F1 might introduce hydrogen fuel cars, though likely not fully electricJuly 21, 2021
The motorsport series managing director has said they are looking to improve sustainability.
Formula One Managing Director Ross Brawn has stated that the series is considering the introduction of hydrogen fuel cars as a component of its sustainability improvement efforts.
Formula One has already announced its carbon neutrality goal, which it has set for 2030.
At the moment, the sport hasn’t made any specific commitments to one type of zero-emission technology over another. That said, Brawn did state that hydrogen fuel cars are a definite possibility. For the moment, F1 intends to stick with its hybrid power units, which bring together electric engines with internal combustion.
“We have a one-and-a-half-hour race, we have 1,000 horsepower cars, we are the pinnacle of motorsport. You can’t get that bang without fossil fuels,” said Brawn in a BBC interview. “Maybe hydrogen is the route that Formula One can have where we keep the noise, we keep the emotion but we move into a different solution.”
At the same time that it thinks about hydrogen fuel cars, F1 has placed its focus on synthetic fuel development.
The synthetic fuels it is working on developing use carbon captured from farm waste, biomass, or the air. The rules the series has already issued require that the cars use special fuels that contain a minimum of 10 percent biofuel. It is expected that the percentage will only continue to rise with time.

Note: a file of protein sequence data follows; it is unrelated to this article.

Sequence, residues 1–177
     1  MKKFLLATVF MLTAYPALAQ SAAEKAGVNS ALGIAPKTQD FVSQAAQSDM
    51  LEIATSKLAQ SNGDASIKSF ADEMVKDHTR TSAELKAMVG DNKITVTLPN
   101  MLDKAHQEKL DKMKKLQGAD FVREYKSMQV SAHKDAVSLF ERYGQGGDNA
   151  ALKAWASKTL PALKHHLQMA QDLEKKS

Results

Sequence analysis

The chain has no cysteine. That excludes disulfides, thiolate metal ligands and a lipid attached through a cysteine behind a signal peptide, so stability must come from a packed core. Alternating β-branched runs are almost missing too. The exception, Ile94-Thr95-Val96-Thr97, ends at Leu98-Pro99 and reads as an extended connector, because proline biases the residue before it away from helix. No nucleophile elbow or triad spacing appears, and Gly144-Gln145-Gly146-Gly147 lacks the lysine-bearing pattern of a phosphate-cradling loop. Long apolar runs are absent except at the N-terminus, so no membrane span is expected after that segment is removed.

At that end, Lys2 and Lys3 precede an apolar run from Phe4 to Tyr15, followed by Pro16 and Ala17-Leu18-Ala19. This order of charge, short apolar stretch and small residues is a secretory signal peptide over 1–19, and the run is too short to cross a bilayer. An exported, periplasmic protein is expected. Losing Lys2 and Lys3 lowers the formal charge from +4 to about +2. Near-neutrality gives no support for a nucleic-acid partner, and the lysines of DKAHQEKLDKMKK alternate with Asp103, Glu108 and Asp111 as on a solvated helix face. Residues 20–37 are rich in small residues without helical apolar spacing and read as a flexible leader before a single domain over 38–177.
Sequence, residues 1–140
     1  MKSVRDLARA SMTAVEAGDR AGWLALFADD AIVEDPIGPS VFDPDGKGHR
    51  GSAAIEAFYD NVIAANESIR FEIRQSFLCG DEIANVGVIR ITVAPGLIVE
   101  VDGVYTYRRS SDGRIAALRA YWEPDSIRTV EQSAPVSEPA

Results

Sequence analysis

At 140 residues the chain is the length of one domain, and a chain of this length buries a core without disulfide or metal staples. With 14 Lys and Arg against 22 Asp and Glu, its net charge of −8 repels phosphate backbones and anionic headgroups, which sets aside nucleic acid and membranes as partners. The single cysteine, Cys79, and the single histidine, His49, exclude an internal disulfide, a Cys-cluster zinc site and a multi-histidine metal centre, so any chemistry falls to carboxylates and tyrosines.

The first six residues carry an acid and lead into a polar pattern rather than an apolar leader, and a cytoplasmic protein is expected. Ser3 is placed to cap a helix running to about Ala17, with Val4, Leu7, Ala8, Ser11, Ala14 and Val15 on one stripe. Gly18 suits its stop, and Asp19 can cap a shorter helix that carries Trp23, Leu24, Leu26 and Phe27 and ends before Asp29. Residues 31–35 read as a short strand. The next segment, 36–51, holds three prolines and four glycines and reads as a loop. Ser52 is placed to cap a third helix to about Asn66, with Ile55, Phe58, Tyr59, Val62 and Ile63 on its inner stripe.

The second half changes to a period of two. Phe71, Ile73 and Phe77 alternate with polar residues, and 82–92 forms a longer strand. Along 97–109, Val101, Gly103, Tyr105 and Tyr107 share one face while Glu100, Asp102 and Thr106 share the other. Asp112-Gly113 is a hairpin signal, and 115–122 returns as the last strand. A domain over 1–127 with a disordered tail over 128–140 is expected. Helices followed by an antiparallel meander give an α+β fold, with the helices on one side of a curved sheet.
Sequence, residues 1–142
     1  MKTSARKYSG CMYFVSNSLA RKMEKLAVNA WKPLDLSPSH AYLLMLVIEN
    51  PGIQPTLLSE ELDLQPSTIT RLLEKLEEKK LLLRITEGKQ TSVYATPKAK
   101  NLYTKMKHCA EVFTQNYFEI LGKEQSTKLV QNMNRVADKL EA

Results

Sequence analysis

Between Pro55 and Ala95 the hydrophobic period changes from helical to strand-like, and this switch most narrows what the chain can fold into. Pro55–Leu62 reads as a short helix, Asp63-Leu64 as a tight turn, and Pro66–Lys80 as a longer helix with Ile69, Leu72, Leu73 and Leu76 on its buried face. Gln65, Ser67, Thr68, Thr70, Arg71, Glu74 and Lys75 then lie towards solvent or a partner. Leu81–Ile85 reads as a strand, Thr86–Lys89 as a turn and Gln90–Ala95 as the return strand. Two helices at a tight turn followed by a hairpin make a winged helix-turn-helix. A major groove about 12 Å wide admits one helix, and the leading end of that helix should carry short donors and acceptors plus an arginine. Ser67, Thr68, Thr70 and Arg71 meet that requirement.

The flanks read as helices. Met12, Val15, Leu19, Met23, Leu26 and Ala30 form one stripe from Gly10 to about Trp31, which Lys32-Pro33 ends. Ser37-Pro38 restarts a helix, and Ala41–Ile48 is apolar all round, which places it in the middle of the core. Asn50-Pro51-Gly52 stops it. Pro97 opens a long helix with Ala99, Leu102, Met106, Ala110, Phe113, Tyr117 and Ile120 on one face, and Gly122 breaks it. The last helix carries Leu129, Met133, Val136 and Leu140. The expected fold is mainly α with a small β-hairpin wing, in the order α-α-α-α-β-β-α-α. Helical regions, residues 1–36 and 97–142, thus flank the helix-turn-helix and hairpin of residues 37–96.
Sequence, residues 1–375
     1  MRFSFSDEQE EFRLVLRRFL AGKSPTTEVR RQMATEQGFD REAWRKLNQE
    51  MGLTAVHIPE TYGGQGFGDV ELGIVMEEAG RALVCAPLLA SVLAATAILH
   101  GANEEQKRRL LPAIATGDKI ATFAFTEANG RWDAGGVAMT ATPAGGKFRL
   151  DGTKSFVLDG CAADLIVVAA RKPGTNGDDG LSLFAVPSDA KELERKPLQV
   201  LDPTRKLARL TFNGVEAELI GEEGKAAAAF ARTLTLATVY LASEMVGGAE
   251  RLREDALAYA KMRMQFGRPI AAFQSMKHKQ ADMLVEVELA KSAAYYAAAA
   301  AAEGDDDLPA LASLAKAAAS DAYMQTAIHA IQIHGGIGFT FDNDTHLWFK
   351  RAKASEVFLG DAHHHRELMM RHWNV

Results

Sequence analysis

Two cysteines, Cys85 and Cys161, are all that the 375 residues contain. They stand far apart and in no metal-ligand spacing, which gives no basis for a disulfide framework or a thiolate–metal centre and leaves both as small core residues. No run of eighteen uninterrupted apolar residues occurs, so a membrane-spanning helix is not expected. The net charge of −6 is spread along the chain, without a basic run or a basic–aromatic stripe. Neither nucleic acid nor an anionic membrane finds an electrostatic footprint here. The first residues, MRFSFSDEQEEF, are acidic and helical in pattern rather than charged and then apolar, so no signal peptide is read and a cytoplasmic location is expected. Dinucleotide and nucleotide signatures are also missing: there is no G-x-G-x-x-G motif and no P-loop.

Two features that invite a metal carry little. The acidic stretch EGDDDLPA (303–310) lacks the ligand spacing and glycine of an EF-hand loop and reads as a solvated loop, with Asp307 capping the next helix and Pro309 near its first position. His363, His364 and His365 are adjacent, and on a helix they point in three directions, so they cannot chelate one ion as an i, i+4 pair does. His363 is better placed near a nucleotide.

That said, F1 acknowledges that biofuels and synthetic fuels still produce carbon dioxide emissions. As a result, environmentalists are encouraging Formula One to look to other strategies as long-term solutions for meeting sustainability goals.
Brawn has stated that finding a replacement for carbon-based fuels will be among F1’s top challenges if the sport intends to keep up its current power, acceleration and speed levels. Equally, he doesn’t view fully electric vehicles as a possibility for reaching the type of performance required for a 90-minute Grand Prix.
“We don’t want [drivers] looking at power conservation modes and trying to make the battery last long enough to get to the end of the race or saving the battery up so in the last five laps, they can really go for it. That doesn’t seem to engage the fans,” explained Brawn. He went on to add that “there is no electric solution today,” but did state that there is a rising pressure from drivers, fans, teams and manufacturers to find sustainable alternatives such as hydrogen fuel cars.
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